Indiana Lawyer on Facebook

      facebook
      ADVERTISEMENT
      Subscribe to Indiana Lawyer
      1. I grew up on a farm and live in the county and it's interesting that the big industrial farmers like Jeff Shoaf don't live next to their industrial operations...

      2. So that none are misinformed by my posting wihtout a non de plume here, please allow me to state that I am NOT an Indiana licensed attorney, although I am an Indiana resident approved to practice law and represent clients in Indiana's fed court of Nth Dist and before the 7th circuit. I remain licensed in KS, since 1996, no discipline. This must be clarified since the IN court records will reveal that I did sit for and pass the Indiana bar last February. Yet be not confused by the fact that I was so allowed to be tested .... I am not, to be clear in the service of my duty to be absolutely candid about this, I AM NOT a member of the Indiana bar, and might never be so licensed given my unrepented from errors of thought documented in this opinion, at fn2, which likely supports Mr Smith's initial post in this thread: http://caselaw.findlaw.com/us-7th-circuit/1592921.html

      3. When I served the State of Kansas as Deputy AG over Consumer Protection & Antitrust for four years, supervising 20 special agents and assistant attorneys general (back before the IBLE denied me the right to practice law in Indiana for not having the right stuff and pretty much crushed my legal career) we had a saying around the office: Resist the lure of the ring!!! It was a take off on Tolkiem, the idea that absolute power (I signed investigative subpoenas as a judge would in many other contexts, no need to show probable cause)could corrupt absolutely. We feared that we would overreach constitutional limits if not reminded, over and over, to be mindful to not do so. Our approach in so challenging one another was Madisonian, as the following quotes from the Father of our Constitution reveal: The essence of Government is power; and power, lodged as it must be in human hands, will ever be liable to abuse. We are right to take alarm at the first experiment upon our liberties. I believe there are more instances of the abridgement of freedom of the people by gradual and silent encroachments by those in power than by violent and sudden usurpations. Liberty may be endangered by the abuse of liberty, but also by the abuse of power. All men having power ought to be mistrusted. -- James Madison, Federalist Papers and other sources: http://www.constitution.org/jm/jm_quotes.htm RESIST THE LURE OF THE RING ALL YE WITH POLITICAL OR JUDICIAL POWER!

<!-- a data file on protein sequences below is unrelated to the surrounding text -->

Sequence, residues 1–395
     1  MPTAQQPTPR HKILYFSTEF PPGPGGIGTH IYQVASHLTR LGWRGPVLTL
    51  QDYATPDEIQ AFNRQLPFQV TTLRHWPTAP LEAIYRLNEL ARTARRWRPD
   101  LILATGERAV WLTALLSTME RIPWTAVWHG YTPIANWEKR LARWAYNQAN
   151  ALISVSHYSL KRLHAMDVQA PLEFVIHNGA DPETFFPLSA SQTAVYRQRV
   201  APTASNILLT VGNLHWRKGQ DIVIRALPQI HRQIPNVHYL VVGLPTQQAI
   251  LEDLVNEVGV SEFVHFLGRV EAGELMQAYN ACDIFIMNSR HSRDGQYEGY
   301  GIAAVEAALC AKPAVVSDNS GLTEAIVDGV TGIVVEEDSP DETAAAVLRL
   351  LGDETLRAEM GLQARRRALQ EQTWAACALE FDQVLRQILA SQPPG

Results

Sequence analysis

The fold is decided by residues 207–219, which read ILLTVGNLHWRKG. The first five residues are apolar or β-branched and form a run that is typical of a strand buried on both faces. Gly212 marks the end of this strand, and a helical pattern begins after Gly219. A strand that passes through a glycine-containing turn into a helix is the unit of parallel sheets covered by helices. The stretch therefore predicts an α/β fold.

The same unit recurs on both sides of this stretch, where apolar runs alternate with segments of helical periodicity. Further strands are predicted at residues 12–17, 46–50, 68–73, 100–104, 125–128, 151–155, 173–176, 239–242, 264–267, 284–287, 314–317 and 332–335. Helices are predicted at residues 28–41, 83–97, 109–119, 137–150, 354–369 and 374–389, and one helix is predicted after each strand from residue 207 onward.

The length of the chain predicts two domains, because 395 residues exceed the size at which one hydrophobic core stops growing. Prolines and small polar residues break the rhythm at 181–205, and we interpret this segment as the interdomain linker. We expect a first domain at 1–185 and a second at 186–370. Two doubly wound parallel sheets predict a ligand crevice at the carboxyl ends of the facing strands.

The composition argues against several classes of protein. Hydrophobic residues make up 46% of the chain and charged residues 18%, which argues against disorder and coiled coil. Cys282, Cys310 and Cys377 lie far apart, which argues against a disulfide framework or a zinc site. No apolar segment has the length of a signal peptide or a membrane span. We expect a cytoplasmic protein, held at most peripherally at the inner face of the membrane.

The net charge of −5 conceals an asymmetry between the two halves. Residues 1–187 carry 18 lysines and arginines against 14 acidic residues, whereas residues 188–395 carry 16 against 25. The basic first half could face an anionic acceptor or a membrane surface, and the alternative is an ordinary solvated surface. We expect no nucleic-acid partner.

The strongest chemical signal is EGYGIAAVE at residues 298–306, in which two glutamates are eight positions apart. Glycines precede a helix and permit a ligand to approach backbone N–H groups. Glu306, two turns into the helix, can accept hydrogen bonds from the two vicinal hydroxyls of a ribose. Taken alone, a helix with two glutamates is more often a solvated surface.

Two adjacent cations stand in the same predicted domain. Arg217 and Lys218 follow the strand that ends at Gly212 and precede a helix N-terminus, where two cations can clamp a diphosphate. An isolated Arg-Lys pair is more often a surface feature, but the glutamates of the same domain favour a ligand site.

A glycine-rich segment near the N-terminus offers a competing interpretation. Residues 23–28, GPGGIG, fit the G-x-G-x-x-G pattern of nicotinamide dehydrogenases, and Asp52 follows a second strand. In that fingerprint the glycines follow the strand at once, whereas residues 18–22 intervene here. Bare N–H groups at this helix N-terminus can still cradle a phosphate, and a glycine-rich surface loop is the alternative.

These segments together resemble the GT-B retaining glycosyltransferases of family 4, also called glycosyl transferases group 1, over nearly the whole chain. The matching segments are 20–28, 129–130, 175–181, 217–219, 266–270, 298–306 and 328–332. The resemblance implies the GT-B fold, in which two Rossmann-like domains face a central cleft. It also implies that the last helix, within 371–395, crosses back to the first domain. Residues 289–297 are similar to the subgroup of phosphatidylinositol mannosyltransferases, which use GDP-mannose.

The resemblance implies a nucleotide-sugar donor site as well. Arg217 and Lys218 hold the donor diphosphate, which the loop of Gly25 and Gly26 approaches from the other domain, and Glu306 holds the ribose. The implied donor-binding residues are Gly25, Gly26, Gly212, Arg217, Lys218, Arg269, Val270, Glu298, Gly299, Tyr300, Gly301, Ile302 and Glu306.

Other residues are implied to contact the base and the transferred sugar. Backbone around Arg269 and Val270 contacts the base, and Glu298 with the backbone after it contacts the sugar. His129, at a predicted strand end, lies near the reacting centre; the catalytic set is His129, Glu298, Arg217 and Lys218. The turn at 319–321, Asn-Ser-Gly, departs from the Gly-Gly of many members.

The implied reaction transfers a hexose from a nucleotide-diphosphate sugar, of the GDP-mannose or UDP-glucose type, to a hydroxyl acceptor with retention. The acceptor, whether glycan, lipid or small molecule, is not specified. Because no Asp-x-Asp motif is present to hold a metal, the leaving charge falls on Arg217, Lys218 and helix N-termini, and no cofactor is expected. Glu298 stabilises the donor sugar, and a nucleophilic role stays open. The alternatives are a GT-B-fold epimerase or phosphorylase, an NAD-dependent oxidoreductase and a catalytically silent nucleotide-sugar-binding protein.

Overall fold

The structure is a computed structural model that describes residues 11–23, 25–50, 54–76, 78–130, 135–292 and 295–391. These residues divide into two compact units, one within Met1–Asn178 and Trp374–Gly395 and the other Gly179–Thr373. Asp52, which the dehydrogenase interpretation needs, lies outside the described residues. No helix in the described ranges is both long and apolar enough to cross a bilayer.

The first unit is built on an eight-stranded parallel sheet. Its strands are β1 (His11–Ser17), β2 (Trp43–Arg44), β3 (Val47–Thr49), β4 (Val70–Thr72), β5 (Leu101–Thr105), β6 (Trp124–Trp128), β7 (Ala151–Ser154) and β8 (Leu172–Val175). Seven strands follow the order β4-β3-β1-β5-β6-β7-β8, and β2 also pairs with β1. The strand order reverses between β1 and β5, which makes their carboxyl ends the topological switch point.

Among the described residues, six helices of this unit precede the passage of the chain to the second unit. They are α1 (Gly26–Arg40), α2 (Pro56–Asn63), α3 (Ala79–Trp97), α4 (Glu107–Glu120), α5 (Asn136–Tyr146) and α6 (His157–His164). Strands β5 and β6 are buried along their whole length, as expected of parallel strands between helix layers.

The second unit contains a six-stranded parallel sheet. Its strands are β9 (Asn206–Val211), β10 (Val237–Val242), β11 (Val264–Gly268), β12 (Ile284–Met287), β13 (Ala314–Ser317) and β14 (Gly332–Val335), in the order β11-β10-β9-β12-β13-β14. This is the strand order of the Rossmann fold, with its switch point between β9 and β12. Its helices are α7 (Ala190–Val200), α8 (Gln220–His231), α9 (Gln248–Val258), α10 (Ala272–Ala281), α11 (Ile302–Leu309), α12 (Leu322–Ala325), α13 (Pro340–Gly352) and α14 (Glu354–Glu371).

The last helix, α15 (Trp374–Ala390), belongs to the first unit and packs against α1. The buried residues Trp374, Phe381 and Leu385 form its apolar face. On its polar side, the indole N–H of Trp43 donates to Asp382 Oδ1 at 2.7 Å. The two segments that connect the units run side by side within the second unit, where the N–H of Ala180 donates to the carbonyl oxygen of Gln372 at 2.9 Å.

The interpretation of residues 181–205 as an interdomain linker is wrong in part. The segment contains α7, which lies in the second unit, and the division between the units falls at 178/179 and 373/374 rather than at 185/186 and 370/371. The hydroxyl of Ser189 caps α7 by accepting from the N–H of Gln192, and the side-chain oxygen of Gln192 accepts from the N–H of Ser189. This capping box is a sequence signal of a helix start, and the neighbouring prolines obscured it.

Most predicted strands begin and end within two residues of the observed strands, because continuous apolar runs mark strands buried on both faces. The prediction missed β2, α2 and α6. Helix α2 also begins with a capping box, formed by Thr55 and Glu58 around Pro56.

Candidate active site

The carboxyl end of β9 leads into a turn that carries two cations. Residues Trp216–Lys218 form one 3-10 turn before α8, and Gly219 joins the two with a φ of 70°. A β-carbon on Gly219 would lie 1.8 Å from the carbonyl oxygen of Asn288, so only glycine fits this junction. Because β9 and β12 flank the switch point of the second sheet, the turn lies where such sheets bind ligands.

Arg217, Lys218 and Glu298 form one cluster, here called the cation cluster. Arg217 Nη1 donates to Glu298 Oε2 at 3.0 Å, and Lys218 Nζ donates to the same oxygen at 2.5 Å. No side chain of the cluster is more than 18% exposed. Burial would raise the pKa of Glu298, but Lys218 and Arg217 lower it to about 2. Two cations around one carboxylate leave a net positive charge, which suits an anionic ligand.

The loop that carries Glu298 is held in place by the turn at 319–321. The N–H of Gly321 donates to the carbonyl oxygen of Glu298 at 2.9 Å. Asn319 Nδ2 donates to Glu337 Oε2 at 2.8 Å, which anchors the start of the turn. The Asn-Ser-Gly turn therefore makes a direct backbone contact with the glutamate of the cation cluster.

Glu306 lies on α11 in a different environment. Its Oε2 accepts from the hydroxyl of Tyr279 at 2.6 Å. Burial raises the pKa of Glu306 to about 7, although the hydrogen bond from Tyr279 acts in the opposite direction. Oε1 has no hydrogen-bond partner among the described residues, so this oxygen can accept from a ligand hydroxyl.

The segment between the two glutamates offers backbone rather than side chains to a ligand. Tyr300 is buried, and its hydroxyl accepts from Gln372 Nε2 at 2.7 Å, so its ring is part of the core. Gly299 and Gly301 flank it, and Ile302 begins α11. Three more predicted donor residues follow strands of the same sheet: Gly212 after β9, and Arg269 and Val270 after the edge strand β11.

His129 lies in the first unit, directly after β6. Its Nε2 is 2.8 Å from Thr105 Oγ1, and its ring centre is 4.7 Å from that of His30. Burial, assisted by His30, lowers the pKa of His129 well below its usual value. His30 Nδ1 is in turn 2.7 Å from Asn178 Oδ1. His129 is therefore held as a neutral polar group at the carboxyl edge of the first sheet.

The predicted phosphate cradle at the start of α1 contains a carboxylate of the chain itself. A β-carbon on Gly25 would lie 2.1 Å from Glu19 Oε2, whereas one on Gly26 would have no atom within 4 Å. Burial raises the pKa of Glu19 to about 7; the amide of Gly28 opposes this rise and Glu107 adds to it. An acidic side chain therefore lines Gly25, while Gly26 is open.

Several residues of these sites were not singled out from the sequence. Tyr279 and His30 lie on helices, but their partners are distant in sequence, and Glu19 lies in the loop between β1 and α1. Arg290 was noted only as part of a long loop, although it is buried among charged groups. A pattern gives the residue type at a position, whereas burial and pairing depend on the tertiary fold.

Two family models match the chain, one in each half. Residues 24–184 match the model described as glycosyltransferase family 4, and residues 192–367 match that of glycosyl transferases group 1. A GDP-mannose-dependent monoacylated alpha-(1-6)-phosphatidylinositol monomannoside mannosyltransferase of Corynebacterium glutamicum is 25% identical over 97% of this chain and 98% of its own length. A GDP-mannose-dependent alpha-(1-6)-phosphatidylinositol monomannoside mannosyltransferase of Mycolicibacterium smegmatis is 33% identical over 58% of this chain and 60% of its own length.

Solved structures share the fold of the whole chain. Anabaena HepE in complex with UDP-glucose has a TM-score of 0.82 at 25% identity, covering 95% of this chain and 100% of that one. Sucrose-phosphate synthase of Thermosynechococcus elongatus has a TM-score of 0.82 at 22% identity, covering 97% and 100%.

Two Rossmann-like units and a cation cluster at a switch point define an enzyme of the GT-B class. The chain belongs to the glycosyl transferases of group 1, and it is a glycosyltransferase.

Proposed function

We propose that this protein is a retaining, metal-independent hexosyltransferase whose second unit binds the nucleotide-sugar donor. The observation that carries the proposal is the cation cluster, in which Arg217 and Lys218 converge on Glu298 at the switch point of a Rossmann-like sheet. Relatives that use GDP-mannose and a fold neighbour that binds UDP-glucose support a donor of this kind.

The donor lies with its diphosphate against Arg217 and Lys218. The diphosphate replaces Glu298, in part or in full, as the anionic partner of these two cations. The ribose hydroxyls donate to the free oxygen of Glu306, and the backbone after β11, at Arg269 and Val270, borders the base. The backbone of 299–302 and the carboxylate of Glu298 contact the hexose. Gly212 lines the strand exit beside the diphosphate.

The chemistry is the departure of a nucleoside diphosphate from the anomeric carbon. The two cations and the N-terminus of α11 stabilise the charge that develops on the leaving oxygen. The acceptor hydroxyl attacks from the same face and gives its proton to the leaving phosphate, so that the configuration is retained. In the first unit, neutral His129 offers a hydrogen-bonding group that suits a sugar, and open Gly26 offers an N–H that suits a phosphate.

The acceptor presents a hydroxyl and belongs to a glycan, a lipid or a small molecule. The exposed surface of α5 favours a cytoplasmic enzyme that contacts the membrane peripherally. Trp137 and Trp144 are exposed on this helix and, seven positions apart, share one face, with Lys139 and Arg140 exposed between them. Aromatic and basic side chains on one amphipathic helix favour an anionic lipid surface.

4. My dear Mr Smith, I respect your opinions and much enjoy your posts here. We do differ on our view of the benefits and viability of the American Experiment in Ordered Liberty. While I do agree that it could be better, and that your points in criticism are well taken, Utopia does indeed mean nowhere. I think Madison, Jefferson, Adams and company got it about as good as it gets in a fallen post-Enlightenment social order. That said, a constitution only protects the citizens if it is followed. We currently have a bevy of public officials and judicial agents who believe that their subjectivism, their personal ideology, their elitist fears and concerns and cause celebs trump the constitutions of our forefathers. This is most troubling. More to follow in the next post on that subject.

      5. Yep I am not Bryan Brown. Bryan you appear to be a bigger believer in the Constitution than I am. Were I still a big believer then I might be using my real name like you. Personally, I am no longer a fan of secularism. I favor the confessional state. In religious mattes, it seems to me that social diversity is chaos and conflict, while uniformity is order and peace.... secularism has been imposed by America on other nations now by force and that has not exactly worked out very well.... I think the American historical experiment with disestablishmentarianism is withering on the vine before our eyes..... Since I do not know if that is OK for an officially licensed lawyer to say, I keep the nom de plume.

      ADVERTISEMENT